FPLP is used in ducts and enclosed air spaces where fire can spread easily. The plenum jacket won’t allow the fire to spread throughout the entire air duct system creating an even bigger problem than the fire itself. Both the FPLR and FPLP come in a shielded and unshielded version, with shielding making the cable slightly more expensive.
Some of the fire alarm cable specification questions you want to ask yourself before buying any type of electronic wire and cable are:
- Will it be used indoors or outdoors?
- Does the jacket meet the temperature rating needed?
- Does it need a shield?
- Does it need to have fire protection?
All electronic cables and fire alarm cables are manufactured with solid copper conductors so they all carry current in the same way. The things you need to worry about having to do with the insulation and whether it has a high enough temperature rating to not melt in the insulation or if it needs outdoor weather protection. These things can puncture the insulation and short the connection by hitting the copper wire which could cost a lot of money to fix.
Whether you’re installing a conventional or addressable FAS or another alert or communication system, knowing the difference in cabling keeps you compliant and protects lives and property. Call us to talk about your application to be sure you have everything you need. We can also help make sure you’re not buying far more protection than you need so you don’t pay any more money than you have to.
Attributes of Fire Alarm Cable
First things first, fire alarm cable should be fire-resistant so that the cable doesn’t malfunction during a fire. Environmental conditions strongly come into play when engineers design a cable. The cable must be able to resist all that it comes in contact with or it’s deemed useless.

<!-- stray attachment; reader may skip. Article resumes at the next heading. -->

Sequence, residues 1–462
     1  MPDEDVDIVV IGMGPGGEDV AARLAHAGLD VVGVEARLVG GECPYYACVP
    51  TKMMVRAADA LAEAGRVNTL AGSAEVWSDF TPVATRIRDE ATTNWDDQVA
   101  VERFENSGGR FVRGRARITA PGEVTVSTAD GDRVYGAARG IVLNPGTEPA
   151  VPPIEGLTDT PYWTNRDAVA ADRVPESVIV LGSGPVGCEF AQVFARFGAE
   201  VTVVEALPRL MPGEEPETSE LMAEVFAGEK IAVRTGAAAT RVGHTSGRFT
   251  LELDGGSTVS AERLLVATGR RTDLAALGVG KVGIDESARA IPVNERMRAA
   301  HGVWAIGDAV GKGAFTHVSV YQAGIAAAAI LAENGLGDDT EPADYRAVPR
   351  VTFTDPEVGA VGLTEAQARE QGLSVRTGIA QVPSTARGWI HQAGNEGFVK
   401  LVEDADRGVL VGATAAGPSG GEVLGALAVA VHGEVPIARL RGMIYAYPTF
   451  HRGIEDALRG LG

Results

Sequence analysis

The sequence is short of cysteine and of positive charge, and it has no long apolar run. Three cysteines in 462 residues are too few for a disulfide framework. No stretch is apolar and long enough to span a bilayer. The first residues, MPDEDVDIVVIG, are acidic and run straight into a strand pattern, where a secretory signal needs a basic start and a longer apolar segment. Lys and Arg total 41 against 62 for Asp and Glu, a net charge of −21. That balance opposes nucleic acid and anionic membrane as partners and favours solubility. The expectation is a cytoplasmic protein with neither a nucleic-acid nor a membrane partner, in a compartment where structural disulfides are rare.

Other ways to differentiate your fire alarm wire include the following:
1. Riser and Plenum Rating
Use riser fire alarm cable when installations run vertically in the walls of a home or building. Use plenum fire alarm cable when installations run horizontally above in duct or plenum. Both of the ratings come with an option of a foil shield to block EMI. You’ll need to make sure you choose the correct cable for installations because if you don’t, you may fail inspection after all of your hard work. Using the right kind is critical for meeting building code requirements.
As mentioned, fire alarm cable is also known as FPLR and FPLP, which help standardize the buying process and make it easier to find what you need. Typically, people using these cables ask for FPLR or FPLP shielded or unshielded. And at that point, all you need to state is the quantity you need for your application. They’re commonly stocked in 1000′ pull boxes, but some suppliers will cut into the box if you ask.
3. Red Jacket
Fire alarm cables are manufactured with a red jacket unless otherwise specified. There are other color options available, but when a second or third electrician visits the same home for repairs, it’s easier for them to spot the fire alarm cables because of their red jacket. It improves the visibility of these important wires and ensures that anyone working with them knows what they are.
Buy Fire Alarm Cable Online From WesBell Electronics
WesBell Electronics carries several types of fire alarm cables. Our stock of multiconductor electronic cables is priced competitively, so you can save money and time moving your projects forward. Our team carries a wide selection organized by American Wire Gauge (AWG) size and conductor count, and we only partner with reputable manufacturers to verify compliance. If you need assistance with our inventory of fire alarm cables, our knowledgeable representatives are happy to advise you.
Before placing your order, consider our in-house services like cutting to length, stripping outer layers and preparing assemblies. We are an ISO 9001-certified company and ensure quality with every service we provide.
Shop for fire alarm wiring now and contact us with any questions about the right wire and cable for your application.